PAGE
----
Former Commissioner of Police Andy Tsang Wai-hung, who handled the Umbrella Movement, said that the violence used by the protesters was more serious than that used in the Occupy Movement back then, and that the police had exercised restraint in the use of force. Asked whether the police needed to apologise, he said

I don't want the apology to become endemic. Should the police apologise for carrying out their duties? I think we all know that.

Commissioner of Police Stephen Lo Wai-chung said,

The police showed restraint and followed the guidelines on the use of force, adding that the batons, bean bag rounds, pepper spray, tear gas and rubber bullets used on the day were all less-lethal weapons.

Assaulting
the press

Macau reporter peppersprayed in the face when rinsing wound

White-shirt cop dashed and sneak-attacked press from height

French journalist: "Stop shooting the journalists!"

Raptors shovelled CRHK reporter: "Reporter, my ass!"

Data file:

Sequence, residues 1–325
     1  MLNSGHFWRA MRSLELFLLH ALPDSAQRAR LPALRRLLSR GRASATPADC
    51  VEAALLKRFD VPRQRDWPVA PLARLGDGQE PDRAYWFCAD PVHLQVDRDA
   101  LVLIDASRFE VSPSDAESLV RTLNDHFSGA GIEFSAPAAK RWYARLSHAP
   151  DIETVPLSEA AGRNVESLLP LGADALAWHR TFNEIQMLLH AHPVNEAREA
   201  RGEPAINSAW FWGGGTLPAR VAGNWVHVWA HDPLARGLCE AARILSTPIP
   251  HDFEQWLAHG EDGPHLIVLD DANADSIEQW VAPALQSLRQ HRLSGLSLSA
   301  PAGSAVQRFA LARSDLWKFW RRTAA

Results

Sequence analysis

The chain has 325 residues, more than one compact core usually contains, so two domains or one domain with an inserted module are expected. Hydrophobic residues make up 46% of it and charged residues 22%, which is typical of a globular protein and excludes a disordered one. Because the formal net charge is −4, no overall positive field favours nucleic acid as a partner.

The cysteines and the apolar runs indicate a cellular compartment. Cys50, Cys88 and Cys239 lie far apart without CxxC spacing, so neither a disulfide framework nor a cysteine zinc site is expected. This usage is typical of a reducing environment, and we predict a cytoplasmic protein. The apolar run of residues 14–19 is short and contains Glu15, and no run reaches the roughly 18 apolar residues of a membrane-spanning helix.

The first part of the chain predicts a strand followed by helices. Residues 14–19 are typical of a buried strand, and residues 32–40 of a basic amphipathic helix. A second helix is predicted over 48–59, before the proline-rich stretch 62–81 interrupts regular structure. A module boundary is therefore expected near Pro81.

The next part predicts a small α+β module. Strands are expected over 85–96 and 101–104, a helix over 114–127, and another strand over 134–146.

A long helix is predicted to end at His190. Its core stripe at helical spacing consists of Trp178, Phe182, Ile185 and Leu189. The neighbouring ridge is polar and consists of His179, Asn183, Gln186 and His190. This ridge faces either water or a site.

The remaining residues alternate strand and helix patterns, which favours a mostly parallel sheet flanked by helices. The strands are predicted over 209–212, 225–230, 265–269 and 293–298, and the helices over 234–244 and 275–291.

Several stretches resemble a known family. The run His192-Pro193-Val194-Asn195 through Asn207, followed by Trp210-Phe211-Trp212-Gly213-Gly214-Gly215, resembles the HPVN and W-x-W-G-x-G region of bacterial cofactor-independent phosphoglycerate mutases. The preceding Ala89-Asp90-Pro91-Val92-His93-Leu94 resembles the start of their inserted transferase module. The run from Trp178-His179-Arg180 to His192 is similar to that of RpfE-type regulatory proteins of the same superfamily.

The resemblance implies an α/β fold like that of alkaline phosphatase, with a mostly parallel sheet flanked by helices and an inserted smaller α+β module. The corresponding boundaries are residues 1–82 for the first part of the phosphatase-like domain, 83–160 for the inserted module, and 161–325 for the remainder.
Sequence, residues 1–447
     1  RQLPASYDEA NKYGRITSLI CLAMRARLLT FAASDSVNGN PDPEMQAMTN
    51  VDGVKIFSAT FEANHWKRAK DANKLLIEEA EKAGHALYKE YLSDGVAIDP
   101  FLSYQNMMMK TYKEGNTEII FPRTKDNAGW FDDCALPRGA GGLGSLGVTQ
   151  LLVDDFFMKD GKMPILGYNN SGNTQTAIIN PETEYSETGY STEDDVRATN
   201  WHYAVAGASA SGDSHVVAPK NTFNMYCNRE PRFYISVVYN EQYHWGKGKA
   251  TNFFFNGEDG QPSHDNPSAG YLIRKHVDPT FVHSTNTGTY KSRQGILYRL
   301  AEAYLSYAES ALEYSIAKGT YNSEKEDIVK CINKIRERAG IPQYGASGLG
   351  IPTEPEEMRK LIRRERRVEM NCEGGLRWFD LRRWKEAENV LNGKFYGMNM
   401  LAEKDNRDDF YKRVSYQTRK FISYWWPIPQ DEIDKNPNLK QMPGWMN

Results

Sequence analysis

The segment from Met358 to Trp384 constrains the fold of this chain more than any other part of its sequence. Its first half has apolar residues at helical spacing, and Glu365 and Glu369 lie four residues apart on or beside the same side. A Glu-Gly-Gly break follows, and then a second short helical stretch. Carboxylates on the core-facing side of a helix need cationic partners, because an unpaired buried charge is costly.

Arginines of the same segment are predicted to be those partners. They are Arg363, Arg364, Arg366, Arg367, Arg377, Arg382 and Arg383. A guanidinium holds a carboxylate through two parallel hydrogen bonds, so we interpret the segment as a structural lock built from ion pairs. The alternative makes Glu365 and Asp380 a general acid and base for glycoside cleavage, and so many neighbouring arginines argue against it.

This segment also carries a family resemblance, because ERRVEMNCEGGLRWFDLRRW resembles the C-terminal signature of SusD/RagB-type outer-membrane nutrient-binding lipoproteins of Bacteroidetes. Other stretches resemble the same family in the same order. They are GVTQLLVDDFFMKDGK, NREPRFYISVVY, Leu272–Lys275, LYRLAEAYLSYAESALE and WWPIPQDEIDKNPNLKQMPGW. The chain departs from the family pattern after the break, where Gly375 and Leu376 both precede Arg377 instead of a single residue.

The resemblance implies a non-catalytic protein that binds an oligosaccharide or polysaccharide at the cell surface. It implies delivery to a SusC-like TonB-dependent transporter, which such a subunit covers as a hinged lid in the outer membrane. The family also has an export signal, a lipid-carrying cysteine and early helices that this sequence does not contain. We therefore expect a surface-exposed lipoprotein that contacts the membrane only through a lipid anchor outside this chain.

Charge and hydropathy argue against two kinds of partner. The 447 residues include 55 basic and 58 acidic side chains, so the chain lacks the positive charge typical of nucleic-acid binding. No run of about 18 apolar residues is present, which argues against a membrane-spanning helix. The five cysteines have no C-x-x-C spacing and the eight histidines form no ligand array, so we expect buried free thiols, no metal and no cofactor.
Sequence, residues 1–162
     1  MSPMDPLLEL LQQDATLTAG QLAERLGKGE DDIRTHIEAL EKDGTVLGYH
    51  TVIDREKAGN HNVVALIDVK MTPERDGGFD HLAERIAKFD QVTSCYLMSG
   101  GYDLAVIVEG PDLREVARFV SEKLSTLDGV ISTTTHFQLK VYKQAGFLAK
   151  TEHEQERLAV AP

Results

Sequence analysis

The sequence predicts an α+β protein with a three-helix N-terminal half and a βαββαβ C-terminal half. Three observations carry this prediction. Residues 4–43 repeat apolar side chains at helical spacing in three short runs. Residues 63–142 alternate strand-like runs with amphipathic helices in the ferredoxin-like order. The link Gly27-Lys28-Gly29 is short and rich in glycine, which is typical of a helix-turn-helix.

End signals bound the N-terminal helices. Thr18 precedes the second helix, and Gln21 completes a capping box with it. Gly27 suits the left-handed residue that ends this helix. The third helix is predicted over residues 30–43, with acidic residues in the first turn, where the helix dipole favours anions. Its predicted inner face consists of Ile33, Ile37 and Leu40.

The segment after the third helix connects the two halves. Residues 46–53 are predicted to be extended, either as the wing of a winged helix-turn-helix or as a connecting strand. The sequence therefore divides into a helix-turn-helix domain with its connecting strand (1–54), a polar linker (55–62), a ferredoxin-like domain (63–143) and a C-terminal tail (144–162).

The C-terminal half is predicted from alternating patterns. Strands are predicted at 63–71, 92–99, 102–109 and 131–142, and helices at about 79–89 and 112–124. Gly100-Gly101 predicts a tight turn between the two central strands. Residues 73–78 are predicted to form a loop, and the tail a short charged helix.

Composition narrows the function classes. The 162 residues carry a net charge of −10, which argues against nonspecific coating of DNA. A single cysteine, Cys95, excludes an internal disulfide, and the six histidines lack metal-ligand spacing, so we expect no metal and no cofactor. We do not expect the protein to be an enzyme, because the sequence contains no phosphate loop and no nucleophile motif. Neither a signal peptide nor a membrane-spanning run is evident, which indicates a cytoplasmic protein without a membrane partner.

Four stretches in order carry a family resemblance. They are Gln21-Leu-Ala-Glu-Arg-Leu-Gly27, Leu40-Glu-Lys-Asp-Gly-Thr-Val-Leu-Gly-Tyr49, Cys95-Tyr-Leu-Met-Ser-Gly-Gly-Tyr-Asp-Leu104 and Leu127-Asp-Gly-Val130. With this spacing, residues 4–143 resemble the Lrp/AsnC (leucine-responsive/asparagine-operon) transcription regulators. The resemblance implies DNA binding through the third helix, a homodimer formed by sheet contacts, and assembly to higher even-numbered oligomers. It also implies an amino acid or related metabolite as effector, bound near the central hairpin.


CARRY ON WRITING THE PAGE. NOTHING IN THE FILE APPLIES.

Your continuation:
The 17 cases collected by the Hong Kong Journalists Association from frontline reporters show that police officers not only failed to comply with the Police General Orders, but also used violence and foul language to obstruct news coverage, causing bodily harm to journalists and seriously undermining the freedom of the press and the public's right to know as enshrined in the Basic Law. The cases of abusing authority include:

- 4 cases of firing tear gas at journalists at close range, one of which caused bodily harm
- 2 cases of beatings with batons, causing bodily harm to journalists- A number of cases of pushing and dispersing journalists with shields, resulting in injury to a journalist
- A number of cases where batons were used to intimidate journalists to prevent them from filming the arrest of protesters by police officers
- Several cases of unreasonable body searches to prevent journalists from covering news

It is noteworthy that all the victims of these abuses had clear identification of the journalists on their bodies, raising doubts as to whether individual police officers were targeting journalists.